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Australia’s responsibility for cutting global greenhouse gas emissions: a Pandora’s box

Politicians generally are loath to involve themselves in philosophical debates. They’re the type of debates which pose awkward questions such people are either ill-equipped or unwilling to answer. But at the international level, climate change conferences centre around what greenhouse gas emissions reduction burden is fair, who causes it, who suffers the impacts and who has the capacity to act. In short, what is an ethical contribution from a rich country like Australia?

Climate Action Tracker concluded Australia’s Intended Nationally Determined Contributions (INDCs) of 26-28% below 2005-level emissions by 2030 is woeful. If every country had the same target, the world would be on a path of more than 3-4°C of warming. Direct Action combined with the Turnbull government’s additional funding leads to a 25% increase in total emissions from 2005 levels by 2030—only 2% less than under the Abbott government.

Clearly this is not fair, but what is?

An egalitarian position promotes an equal per capita apportioning of emissions rights based on the global ‘carbon budget’—that which the world can emit (currently 456 Gt CO2-e) by 2050 to maintain a CO2-e concentration of 450 ppm in the atmosphere and therefore a 50% chance of staying under a 2°C. This would be generous by the developing world, considering the world’s poorest inhabitants will be most impacted by climate change—soaring food prices, increased flooding, heatwaves, social conflict and so on—yet contributed very little to it. As shown in the graph, our current trajectory is incompatible with this scenario.

Source: Beyond Zero Emissions (Creative Commons)

The historical, or ‘polluter pays’, principle means loftier targets for developed countries. The US’ cumulative greenhouse gas emissions since 1990 are 16% of the global total (1% more than China). However, if we broaden our gaze to 1850-2011, the US’ contribution becomes 27% compared with China’s 11% and the EU’s 25%—placing a much higher burden on the West’s responsibility to abate. But should states be held accountable for something that was not indisputable until the late 20th century?

Western economists often apply the utilitarian philosophy that underpins their economic theories to climate change mitigation and adaption responsibilities. Weighing up the discounted costs and benefits of abatement will lead us to a ‘rational’ decision on when, where and how much to abate. This is obviously blind to the inequity of the unequal climate change impacts, the problems of valuing nature in monetary terms and how to aggregate the welfare impacts of individuals, let alone nations. Hence their reversion to the use of GDP—a worthless indicator of social welfare—as precisely that: a measure of social health.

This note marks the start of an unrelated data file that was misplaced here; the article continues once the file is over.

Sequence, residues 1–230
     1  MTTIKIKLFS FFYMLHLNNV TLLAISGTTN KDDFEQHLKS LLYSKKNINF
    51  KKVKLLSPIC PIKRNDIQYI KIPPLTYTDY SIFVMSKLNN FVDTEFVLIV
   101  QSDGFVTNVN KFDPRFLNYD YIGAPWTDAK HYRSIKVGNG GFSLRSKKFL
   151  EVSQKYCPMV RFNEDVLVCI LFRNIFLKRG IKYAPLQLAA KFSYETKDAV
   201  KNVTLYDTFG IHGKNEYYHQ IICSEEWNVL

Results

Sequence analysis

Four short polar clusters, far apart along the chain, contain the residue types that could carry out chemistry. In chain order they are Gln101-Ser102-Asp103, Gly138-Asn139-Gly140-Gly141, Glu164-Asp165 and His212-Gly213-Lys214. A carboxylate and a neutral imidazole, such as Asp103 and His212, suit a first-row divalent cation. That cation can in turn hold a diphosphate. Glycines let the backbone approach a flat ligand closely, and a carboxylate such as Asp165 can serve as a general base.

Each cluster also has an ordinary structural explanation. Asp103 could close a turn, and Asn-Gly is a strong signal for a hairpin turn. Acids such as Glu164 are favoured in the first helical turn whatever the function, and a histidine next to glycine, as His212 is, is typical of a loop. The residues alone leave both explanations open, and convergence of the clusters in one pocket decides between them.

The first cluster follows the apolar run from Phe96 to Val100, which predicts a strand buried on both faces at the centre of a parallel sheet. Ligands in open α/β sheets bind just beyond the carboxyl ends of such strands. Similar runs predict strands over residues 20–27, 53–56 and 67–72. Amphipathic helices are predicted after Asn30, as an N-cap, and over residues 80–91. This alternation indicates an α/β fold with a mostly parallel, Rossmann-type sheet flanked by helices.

What about the argument that we should measure emissions based on GDP? In reality, since 2009 our carbon footprint is even higher once our embodied emissions—those coming from the domestic and overseas production and transportation of the goods we consume—is added to the tally.

Including the combustion of our coal exports in the calculation indicts us further. Assuming current fossil fuel export projects are implemented, by 2030 our exported carbon emissions could grow to 1.8 Gt CO2-e by 2030—more than three times our current GDP-based emissions. Hence why implementing paltry abatement policies while continuing to indulge the fossil fuel industry is akin to bailing out the Titanic with a pan in one hand while opening the port holes with the other.

A better climate policy framework is one that has the recognition of limits enshrined in its core. As ecological economists like Herman Daly have argued for decades, limiting the absolute scale of throughput therefore is the key.

The brilliant Foundation for the Economics of Sustainability (FEASTA) has developed the idea of a ‘Cap and Share’ system. Permits representing an equal share of greenhouse gas emissions entitlement would be given to each person, in total representing a safe level of emissions. Companies that extract fossil fuels would need to purchase enough permits from people that equal the emissions eventually released from their combustion. An alternative system would see the auctioning of permits representing quantities of greenhouse gas emissions to fossil fuel producers with the revenue redistributed to each state on a per capita basis. Both systems limit emissions at a safe level, while the poor benefit the most as their lower-carbon lifestyles would not consume their income from selling their permits or government rebate.

As a state that governs over a territory possessing one of the largest reserves of coal, LNG and natural gas, Australia can take the lead in a cap and share system with its capacity to ensure that companies comply with permits and regulate the phasing out of fossil fuel projects. Considering Australia’s historical and current emissions, as well as its wealth, this, I would argue, is its ethical responsibility. The question is, will so many of them—politicians, bureaucrats and businessmen—much like Churchill lead idealistically in a way they know instinctively is right, or will the self-ascribed ‘pragmatists’ of this world prevail in the do-or-die decade for our planet and, with it, our future?

James Alexander is completing a Master of International Relations at the University of Melbourne, and is a former intern at the United Nations Office for Sustainable Development.

Image credit: klem@s (Flickr: Creative Commons)

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